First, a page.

UNIVERSAL HISTORY-THE ANCIENT WORLD.
was manifested that same skill which has been remarked as apparent in the
construction of the circus and arena. The Roman architects were adepts in the art
of producing effects by physical contrivance. The emperors were great patrons of
this kind of skill. In the construction of his Golden House, Nero had the vaulted
ceiling of the dining-hall so planned as to revolve on an axis, thus producing
one sky for day and another for night. Otho's ceiling was so arranged that when
the guests were seated gold tubes shot out of the dome, and showered odorous
spray on the banqueters. Sometimes petals of flowers were scattered from above in
a similar manner.
We are indebted to the chatty Petronius for an account of one of Nero's feasts.
In the course of the banquet the surprises were constant and incredible in their
character. As soon as the guests had reclined, a retinue of Egyptian slaves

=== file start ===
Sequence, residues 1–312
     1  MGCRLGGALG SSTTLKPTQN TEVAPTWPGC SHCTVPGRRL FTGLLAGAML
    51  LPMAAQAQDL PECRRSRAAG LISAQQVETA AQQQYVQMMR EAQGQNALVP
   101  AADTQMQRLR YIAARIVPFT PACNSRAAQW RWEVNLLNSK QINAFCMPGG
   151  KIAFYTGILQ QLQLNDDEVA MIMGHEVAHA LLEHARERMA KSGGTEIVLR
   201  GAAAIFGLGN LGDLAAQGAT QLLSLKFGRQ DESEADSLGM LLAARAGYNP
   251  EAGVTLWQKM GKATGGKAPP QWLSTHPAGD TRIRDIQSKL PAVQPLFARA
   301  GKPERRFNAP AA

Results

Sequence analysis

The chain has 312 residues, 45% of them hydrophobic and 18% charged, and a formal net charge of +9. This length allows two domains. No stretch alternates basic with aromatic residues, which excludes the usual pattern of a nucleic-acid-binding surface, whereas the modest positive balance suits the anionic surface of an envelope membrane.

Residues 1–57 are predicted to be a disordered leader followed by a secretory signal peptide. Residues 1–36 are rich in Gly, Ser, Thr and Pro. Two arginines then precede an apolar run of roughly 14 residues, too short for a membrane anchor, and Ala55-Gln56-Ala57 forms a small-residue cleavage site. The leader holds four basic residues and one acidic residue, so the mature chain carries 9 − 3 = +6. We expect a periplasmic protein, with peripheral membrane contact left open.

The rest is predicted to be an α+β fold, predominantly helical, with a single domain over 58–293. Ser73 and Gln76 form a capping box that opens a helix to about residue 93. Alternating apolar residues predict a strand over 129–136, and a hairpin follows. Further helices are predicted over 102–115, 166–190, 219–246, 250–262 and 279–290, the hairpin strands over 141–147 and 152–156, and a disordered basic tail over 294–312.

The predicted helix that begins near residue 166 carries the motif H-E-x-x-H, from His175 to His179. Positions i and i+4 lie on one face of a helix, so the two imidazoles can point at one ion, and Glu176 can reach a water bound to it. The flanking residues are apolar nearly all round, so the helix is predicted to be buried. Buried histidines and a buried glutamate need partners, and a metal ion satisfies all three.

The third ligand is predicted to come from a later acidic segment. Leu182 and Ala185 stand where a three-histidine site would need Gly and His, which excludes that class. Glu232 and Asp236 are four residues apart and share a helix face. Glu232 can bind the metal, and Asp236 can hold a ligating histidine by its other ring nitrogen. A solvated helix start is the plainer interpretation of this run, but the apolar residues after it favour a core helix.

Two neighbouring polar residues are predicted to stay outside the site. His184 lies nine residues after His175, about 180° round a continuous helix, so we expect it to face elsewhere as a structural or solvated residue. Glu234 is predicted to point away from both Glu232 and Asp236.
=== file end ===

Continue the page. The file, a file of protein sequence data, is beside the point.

entered and washed the reveler's hands and feet in snow-water. A great salver was
then brought in, in the midst of which stood a bronze ass bearing silver panniers
filled with black and white olives. On his back sat old Silenus pouring sauce
from a wine-sack. The sausages were set on a gridiron, under which, in imitation
of live coals, were heaped plums and red pomegranate kernels. On the edge of the
tray were oysters and snails set in a natural way among the vegetables with which
they were to be eaten. In the revelation a hen of carved wood was introduced. She
sat with outspread wings covering a nestful of peacock's eggs, and these were
served to the guests. On being broken, each egg revealed what appeared to be an
unhatched chick, but which proved to be a beccafico done in egg-sauce! The
dishes of each course were removed to the music of a chant, and one of the
attendants was boxed for breaking the rhythm by stopping to pick up a dish. The
wine served in the next course was a hundred years old. At one point in the
banquet the dishes which were brought in were of the most ordinary pattern and
vulgar finish; but these on being lifted proved to be only covers for the real
treasures which were concealed beneath them. A fat hare was converted into a
Pegasus by the addition of wings.
When the carver came he performed his duty to musical accompaniment, keeping